An erudite scholar, an acclaimed author and the William Ziegler Professor of Business Administration at the Harvard Business School, British historian Niall Ferguson wears several hats at the same time. At the India Today conclave, Ferguson spoke on "American Decline: Myth and Reality" and asserted that US faces grave challenges, particularly from the spreading fiscal crisis. American politicians must ring in far reaching reforms if the country is to retain its preeminent status on the global stage, he says. On the sidelines of the conclave, BT's Chaitanya Kalbag, Rishi Joshi and Manu Kaushik caught up with Ferguson for a free-wheeling interview. Edited excerpts:
On whether the US is in decline
I think there are two issues which are quite separate. One is the rise of the east and the south and that is a good thing. And so any relative decline, if it just means India or China is growing rapidly is not something Americans should complain. The prosperity of China or the prosperity of India represents opportunities for the United States. But the issue that is more concerning is that the US has internal problems that it is not grappling with well and these are impacting America's long-term prospects. I think the biggest is probably the fiscal crisis because the cost of entitlements like social security and medicare is already greater than the cost of the entire military establishment. Until I see signs that the American politicians are serious about the reform of medicare, social security and the tax system, I will be pessimistic.
On the problems with the US and Indian democracies
Washington was starting to look a lot like Delhi but to some degree Delhi is also starting to look like Washington. And that convergence tells you what is going wrong in the US more than what is going right in India. The problem of corruption in American politics is one that has to be addressed more openly. The reality is that the financial crisis exposed the dangerous levels of overlap between the financial institutions and political institutions to the point of near absurdity. It appeared as if the treasury department has become a subsidiary of Goldman Sachs. I think there is a similarity there with India.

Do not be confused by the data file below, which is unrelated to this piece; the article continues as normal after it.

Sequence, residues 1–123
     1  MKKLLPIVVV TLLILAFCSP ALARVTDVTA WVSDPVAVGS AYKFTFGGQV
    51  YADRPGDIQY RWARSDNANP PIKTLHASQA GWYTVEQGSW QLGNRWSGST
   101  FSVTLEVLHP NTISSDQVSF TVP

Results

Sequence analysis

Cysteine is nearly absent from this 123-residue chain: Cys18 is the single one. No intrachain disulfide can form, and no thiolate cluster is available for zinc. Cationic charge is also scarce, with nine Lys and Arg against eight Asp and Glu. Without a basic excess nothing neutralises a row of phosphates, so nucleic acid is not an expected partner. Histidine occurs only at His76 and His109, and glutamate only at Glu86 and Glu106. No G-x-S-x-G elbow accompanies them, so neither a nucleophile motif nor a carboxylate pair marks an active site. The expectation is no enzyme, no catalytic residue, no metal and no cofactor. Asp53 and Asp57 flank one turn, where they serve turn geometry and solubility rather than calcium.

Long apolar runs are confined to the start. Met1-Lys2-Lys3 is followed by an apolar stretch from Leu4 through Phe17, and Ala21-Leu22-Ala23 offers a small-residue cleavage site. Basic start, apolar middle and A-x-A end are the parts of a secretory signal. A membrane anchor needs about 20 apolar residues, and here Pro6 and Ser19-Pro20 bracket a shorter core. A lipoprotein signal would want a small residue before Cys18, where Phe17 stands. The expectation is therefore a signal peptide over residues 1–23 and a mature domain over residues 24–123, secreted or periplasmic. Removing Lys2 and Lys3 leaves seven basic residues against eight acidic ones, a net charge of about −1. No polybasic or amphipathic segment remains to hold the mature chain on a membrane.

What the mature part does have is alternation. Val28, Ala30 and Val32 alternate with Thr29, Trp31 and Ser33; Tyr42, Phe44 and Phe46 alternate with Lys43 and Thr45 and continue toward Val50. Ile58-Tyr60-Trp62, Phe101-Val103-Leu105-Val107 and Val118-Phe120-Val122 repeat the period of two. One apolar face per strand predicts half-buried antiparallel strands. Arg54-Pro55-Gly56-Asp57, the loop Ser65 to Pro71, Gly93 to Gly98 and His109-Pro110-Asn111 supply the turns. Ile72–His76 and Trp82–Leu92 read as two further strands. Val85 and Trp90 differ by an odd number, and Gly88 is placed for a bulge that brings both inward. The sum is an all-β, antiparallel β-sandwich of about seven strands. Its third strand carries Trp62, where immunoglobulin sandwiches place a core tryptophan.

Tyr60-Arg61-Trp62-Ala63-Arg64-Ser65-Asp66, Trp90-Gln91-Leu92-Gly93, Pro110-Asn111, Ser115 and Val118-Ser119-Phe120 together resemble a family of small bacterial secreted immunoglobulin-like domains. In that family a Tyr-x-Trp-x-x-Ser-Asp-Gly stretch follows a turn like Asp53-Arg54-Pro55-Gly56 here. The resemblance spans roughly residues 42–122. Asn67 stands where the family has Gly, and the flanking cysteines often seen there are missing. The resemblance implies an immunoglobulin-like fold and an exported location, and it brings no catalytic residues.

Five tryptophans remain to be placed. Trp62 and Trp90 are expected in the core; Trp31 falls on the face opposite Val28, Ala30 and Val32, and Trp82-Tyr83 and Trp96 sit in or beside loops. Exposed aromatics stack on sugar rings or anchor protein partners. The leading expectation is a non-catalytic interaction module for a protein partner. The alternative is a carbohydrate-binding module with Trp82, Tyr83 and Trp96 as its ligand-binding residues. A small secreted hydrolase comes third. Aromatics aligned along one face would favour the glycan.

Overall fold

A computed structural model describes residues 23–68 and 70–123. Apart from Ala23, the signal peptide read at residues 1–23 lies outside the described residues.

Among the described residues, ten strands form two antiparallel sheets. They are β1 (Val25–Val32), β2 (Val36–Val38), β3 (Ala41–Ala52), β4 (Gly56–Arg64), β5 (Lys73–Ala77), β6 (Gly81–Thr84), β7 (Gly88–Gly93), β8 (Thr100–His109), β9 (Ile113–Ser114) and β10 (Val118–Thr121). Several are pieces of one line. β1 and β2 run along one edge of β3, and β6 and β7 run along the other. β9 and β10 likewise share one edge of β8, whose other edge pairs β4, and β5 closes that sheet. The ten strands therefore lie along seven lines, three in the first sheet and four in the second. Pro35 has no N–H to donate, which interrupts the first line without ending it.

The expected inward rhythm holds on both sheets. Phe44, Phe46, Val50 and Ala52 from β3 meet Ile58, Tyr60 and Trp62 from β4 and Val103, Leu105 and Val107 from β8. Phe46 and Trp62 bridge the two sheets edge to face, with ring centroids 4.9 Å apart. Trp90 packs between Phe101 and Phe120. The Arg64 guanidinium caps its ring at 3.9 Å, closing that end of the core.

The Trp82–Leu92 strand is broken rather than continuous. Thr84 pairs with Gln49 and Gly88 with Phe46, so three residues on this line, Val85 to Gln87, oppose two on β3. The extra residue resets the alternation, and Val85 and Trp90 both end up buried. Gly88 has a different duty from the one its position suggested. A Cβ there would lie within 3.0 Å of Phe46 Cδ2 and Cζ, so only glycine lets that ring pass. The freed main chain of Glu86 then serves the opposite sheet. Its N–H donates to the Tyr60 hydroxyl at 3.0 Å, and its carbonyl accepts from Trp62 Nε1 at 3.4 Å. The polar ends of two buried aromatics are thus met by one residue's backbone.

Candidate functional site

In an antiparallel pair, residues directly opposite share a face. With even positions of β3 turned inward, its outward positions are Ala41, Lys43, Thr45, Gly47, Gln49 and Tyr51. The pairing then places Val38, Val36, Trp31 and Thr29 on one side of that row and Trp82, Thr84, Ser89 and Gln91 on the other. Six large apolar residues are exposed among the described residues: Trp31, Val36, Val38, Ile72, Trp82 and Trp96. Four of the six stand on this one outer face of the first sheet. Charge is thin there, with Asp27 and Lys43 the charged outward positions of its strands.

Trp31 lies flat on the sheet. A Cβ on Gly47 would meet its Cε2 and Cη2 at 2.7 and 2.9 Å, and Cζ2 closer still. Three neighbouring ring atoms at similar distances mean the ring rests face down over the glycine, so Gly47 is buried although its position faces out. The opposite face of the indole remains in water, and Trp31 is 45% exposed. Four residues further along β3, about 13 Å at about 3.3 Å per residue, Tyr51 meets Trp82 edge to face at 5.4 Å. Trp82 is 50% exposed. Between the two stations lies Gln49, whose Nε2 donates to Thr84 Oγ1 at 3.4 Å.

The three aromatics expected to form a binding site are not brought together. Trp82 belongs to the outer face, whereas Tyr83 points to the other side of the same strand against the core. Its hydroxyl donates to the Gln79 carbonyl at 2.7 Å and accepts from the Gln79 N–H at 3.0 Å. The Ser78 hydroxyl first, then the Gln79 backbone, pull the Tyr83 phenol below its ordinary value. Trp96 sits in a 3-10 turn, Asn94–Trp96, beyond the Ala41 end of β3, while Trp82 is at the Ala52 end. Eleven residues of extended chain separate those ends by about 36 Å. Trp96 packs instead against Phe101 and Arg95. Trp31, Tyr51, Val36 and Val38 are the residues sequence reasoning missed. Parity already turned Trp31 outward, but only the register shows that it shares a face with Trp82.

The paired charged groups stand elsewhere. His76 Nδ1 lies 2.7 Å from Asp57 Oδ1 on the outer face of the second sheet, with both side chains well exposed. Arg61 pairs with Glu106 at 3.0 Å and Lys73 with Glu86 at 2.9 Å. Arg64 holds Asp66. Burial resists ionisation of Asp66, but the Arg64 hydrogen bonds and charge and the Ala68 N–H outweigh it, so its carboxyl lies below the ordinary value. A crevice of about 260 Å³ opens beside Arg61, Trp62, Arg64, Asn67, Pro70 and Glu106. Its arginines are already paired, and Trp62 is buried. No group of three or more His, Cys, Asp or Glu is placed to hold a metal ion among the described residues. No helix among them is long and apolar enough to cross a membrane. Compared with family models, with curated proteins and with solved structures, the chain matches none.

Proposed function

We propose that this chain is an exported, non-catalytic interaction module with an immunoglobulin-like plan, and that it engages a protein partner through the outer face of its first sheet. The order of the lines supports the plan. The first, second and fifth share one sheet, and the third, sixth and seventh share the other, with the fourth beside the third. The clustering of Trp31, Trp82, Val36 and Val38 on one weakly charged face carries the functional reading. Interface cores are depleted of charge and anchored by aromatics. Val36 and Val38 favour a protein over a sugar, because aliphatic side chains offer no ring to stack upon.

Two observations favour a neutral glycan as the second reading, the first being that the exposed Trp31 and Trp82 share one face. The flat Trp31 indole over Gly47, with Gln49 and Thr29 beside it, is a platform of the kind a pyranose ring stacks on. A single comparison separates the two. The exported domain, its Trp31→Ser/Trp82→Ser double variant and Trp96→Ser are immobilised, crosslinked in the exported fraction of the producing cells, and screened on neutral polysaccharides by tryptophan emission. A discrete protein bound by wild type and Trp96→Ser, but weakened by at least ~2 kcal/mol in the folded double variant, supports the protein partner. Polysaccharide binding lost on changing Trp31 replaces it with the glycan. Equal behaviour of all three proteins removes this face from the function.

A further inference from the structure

I think the other critical similarity is that political vested interests in both systems stand in the way of structural reform. When you a have a conversation with an Indian politician the strong impression you get is that good ideas for reform exist but the execution is hampered by vested interests within the bureaucracy. Now that in the same way reminds me of the US. So I would say that there is a kind of convergence there which may be inherent in large democracies.
On why the US is the leader in innovation
Many people doing innovation in the US are not American born but they come to the US because Harvard, Stanford are still the ideal locations in terms of clusters of talent there. If you want to take a really cutting edge idea from the laboratory into the market, the US is still the best place. India should be doing better because it has elite educational institutions that are among the world's best. But they just don't seem to doing quite as much in terms of commercial spin-offs as their American counterparts. The Chinese want to do this and they are furiously trying to create clusters around their top universities on the American model. They are very shameless about copying what's good.